Contractors Arriving for Home RepairsThe next thing you know, you’ve made the problem significantly worse and are spending more than $10,000 for a team of real professionals to repair the issue.

The fact is: home repairs are more complex than many people realize. Many homeowners undervalue the work required to restore their home to pre-loss condition.

If you underestimate the amount of work that needs to be completed on your home, then your insurance company might provide a smaller check than you need or deserve. That’s why it’s always a good idea to get an independent assessment after significant losses or damages on your own home.

If you have questions, want help with determining the proper cost to repair, or need assistance with any other aspect of your insurance claim, a state licensed Public Adjuster can provide expert assistance. Simply get in touch for a free consultation and we would be happy to help.

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If You Don’t Fix your Home Today, You Could Sacrifice Future Claims

There’s one final thing to note about pocketing the difference on homeowner’s insurance claims: if you don’t fix the problem correctly today, then you could be sacrificing future claims on your insurance policy.

After all, your insurance company provided you with the funds needed to restore your home to its pre-loss condition. After they provide these funds, they assume your home will be restored to its pre-loss condition.

If you suddenly experience another incident and need to make another claim on your insurance policy, then your insurance company might avoid covering these future damages.

Let’s say you suffered a small fire in your home and proceeded with a fire insurance claim. The fire damaged electrical wiring throughout your home. Instead of paying a professional, licensed electrician to do it, you hired your brother-in-law Dave to complete the repairs. Dave patched everything up and it all looked good. Then, a few weeks later, your home suffers an electrical fire due to Dave’s shoddy work. Your home burns down and you lose everything. In this case, your insurance company might not provide compensation because you didn’t properly restore your home to its pre-loss condition.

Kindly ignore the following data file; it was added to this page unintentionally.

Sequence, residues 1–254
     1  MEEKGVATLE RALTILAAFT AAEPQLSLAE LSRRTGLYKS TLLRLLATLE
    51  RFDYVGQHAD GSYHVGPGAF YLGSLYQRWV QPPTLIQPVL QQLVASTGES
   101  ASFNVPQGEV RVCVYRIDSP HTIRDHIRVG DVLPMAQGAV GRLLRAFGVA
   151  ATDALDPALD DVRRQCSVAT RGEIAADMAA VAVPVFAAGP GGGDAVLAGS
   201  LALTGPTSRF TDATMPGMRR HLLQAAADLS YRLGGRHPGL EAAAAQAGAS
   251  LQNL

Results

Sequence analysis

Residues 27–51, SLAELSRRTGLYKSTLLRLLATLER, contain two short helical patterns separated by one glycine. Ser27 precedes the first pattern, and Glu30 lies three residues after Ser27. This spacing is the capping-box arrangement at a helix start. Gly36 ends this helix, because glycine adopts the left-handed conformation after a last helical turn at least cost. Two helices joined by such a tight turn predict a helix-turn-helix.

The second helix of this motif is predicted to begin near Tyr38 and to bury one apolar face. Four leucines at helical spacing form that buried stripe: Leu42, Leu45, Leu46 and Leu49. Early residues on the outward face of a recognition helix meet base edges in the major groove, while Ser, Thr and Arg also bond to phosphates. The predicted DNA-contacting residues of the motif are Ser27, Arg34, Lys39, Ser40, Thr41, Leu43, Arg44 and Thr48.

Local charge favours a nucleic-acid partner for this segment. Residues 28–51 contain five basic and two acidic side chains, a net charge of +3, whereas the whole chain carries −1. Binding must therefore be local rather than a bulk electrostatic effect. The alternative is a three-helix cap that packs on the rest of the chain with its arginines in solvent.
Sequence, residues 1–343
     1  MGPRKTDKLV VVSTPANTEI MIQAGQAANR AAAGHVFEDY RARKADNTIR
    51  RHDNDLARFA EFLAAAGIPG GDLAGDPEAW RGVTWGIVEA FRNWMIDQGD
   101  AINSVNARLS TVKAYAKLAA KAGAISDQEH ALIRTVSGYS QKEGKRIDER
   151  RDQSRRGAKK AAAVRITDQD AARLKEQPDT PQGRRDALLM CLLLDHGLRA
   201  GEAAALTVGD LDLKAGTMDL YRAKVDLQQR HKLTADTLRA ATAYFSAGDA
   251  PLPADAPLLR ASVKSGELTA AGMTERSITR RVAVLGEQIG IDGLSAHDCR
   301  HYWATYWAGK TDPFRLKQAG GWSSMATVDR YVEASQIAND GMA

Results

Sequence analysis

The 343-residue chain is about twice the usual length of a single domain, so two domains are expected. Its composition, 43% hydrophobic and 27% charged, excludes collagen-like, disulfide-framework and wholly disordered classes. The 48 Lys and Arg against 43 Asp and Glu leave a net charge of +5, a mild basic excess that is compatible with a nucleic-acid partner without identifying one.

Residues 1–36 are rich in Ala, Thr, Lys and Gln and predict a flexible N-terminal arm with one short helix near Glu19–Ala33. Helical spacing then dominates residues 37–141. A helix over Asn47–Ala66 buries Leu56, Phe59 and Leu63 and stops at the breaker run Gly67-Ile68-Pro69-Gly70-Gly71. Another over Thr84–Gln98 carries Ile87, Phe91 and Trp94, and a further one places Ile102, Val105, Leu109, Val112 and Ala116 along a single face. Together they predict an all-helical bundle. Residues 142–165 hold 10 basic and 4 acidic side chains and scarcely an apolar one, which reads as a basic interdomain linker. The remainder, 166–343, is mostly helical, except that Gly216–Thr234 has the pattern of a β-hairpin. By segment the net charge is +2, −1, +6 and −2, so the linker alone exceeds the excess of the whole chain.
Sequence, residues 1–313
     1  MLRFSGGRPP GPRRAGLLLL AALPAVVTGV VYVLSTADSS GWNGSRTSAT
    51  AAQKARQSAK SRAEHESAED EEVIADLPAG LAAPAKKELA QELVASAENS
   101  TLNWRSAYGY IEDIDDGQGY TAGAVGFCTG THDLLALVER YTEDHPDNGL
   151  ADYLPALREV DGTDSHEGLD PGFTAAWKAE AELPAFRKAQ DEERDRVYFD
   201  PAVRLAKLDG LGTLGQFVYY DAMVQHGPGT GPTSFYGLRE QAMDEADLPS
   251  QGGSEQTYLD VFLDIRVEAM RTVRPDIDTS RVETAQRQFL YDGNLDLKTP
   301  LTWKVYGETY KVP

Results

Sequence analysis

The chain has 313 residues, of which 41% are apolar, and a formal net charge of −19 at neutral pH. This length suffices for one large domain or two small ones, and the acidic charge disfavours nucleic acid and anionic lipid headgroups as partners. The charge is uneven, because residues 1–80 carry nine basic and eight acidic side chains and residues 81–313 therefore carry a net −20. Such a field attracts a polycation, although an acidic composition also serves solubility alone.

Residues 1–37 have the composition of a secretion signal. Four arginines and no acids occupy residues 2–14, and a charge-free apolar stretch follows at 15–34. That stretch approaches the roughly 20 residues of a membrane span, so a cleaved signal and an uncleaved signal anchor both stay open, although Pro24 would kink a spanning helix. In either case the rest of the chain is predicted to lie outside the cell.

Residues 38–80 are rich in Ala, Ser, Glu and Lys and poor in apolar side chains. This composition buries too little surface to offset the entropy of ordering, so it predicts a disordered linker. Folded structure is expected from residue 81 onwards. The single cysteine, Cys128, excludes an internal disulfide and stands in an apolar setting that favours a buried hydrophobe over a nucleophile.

You Will Receive a Check for the Items in your Home, But You Can Decide How to Spend that Check

Your homeowner’s insurance policy might also cover the items inside your home. If your items are damaged, then your insurance company is required to send you a check for the value of those items.

However, the insurance company doesn’t require you to purchase those exact same items again. Instead, they may send you a check covering the actual cash value (ACV) of those items. You’re free to spend that check however you like. You might choose to buy cheaper furniture, for example, and pocket the difference.


Ultimately, the insurance company is required to pay the exact amount of money required to make your property whole again. Your insurance company will give you a check to cover the costs of restoring your home to its pre-loss condition.

If your bank owns your home (like if you’re still making payments on your mortgage or second mortgage), then your bank may require you to make certain repairs from a certain contractor.

If you own your home outright, however, then you’re free to repair your home however you like. You can choose a cheaper contractor, for example, or repair your home on your own. You can even take the money and spend it on a vacation and avoid repairing your home.

However, if your DIY repair job or cheap contractor does a shoddy job, then you may not be able to file a future claim on your insurance policy. If you don’t restore your home to its pre-loss condition, then your insurance company might not cover future claims.

Ultimately, as long as you understand the rules and restrictions, you’re free to spend your homeowners insurance policy claim settlement however you wish. In most cases, however, your best option is to pay an experienced professional to repair your property to its pre-loss condition.